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J Laparoendosc Adv Surg Tech A. 2005 Feb;15(1):13-7.

Laparoscopic baseline ability assessment by virtual reality.

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  • 1University of Tennessee at Memphis, TN 38163, USA.



Assessment of any surgical skill is time-consuming and difficult. Currently, there are no accepted metrics for most surgical skills, especially laparoscopic skills. Virtual reality has been utilized for laparoscopic training of surgical residents. Our hypothesis is that this technology can be utilized for laparoscopic ability metrics.


This study involved medical students with no previous laparoscopic experience. All students were taken into a porcine laboratory in order to assess two operative tasks (measuring a piece of bowel and placing a piece of bowel into a laparoscopic bag). Then they were taken into an inanimate lab with a Minimally Invasive Surgery Trainer-Virtual Reality (MIST-VR). Each student repeatedly performed one task (placing a virtual reality ball into a receptacle). The students' scores and times from the animate lab were compared with average economy of movement and times from the MIST-VR. The MIST-VR scored both hands individually.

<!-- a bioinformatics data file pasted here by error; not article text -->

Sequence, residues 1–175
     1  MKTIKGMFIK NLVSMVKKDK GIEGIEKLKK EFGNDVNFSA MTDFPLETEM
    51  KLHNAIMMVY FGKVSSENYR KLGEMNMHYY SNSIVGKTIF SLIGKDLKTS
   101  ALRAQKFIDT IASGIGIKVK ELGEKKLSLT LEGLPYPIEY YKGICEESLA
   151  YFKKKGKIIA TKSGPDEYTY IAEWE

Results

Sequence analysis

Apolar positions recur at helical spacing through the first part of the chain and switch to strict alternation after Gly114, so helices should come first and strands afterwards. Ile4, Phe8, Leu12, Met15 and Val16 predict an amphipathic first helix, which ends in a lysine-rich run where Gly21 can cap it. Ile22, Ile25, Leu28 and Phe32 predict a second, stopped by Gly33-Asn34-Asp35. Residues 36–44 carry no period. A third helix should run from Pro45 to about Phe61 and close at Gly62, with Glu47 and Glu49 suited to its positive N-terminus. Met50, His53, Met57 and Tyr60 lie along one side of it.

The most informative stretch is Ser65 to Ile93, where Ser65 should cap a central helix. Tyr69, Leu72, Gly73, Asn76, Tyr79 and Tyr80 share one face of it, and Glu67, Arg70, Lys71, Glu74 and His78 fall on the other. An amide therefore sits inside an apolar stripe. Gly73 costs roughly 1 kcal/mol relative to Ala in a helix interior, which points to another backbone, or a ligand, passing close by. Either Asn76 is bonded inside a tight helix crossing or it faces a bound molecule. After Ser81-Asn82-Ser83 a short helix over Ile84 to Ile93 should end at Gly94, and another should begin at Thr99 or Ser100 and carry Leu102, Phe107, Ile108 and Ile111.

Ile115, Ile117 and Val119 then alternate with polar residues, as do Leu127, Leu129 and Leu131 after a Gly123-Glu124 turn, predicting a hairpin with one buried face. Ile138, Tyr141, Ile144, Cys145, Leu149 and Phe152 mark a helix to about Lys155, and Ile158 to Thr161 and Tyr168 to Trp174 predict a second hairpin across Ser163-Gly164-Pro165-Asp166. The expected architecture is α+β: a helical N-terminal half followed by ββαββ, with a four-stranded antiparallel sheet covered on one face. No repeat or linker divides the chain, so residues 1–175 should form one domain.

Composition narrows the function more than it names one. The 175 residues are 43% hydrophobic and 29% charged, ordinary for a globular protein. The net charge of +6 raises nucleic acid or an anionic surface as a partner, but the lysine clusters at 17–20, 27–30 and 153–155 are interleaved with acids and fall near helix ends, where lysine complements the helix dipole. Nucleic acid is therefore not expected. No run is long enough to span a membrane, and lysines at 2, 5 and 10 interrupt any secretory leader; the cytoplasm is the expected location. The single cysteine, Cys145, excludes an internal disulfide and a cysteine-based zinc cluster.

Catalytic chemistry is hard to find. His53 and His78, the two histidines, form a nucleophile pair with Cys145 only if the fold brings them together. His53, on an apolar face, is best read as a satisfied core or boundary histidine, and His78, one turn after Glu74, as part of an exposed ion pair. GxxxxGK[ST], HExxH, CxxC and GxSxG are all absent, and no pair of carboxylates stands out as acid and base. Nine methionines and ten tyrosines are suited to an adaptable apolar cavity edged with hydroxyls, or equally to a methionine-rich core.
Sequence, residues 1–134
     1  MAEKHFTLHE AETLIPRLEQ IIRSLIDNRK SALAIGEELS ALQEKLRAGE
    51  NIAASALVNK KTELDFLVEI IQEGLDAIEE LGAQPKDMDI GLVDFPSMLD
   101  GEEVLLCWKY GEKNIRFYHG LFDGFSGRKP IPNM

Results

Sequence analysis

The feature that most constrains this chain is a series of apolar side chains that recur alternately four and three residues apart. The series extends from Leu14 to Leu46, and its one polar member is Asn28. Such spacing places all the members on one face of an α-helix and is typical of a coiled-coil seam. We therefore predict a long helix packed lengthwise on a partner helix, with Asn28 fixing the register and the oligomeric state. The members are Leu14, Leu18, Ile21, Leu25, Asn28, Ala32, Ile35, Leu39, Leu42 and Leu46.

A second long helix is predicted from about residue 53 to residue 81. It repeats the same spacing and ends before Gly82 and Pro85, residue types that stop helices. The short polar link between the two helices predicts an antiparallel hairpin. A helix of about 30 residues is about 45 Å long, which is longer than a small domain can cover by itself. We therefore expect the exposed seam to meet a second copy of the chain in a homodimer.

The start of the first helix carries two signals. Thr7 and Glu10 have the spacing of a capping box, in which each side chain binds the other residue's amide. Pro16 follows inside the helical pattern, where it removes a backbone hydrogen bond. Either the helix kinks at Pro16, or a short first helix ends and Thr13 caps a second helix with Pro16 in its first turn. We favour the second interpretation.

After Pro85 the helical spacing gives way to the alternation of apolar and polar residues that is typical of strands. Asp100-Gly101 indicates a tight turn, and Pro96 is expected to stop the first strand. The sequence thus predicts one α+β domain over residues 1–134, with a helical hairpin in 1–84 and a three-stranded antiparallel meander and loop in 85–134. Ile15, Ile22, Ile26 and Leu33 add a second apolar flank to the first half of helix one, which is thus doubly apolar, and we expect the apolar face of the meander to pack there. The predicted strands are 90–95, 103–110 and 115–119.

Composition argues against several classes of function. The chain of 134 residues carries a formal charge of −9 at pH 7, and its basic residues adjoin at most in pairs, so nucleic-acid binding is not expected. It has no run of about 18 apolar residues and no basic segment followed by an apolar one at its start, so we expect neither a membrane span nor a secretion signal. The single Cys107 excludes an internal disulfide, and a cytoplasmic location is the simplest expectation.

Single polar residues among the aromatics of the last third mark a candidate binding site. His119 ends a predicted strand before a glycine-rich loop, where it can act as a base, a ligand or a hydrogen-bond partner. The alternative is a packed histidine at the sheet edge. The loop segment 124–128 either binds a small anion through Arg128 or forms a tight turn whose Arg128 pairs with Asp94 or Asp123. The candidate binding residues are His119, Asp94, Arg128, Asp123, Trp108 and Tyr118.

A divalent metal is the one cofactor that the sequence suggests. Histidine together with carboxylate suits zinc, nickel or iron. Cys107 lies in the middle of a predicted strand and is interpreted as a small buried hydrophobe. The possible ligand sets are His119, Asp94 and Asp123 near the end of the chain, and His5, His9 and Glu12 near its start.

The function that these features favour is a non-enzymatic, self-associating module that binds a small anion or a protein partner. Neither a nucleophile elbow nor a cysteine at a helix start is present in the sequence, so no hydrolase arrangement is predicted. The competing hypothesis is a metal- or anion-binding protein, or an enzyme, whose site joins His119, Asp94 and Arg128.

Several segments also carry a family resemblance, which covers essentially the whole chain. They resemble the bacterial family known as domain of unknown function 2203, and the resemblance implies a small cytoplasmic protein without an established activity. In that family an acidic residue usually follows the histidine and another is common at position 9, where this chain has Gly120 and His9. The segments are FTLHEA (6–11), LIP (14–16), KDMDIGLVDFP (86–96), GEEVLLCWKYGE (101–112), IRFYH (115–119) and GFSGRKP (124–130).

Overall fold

Thirty-two first- and second-year medical students were included in the study. There was statistically significant (P < 0.05) correlation between 11 of 16 possible relationships between the virtual reality trainer and operative tasks.


While not all of the possible relationships demonstrated statistically significant correlation, the majority of the possible relationships demonstrated statistically significant correlation. Virtual reality may be an avenue for measuring laparoscopic surgical ability.

[PubMed - indexed for MEDLINE]
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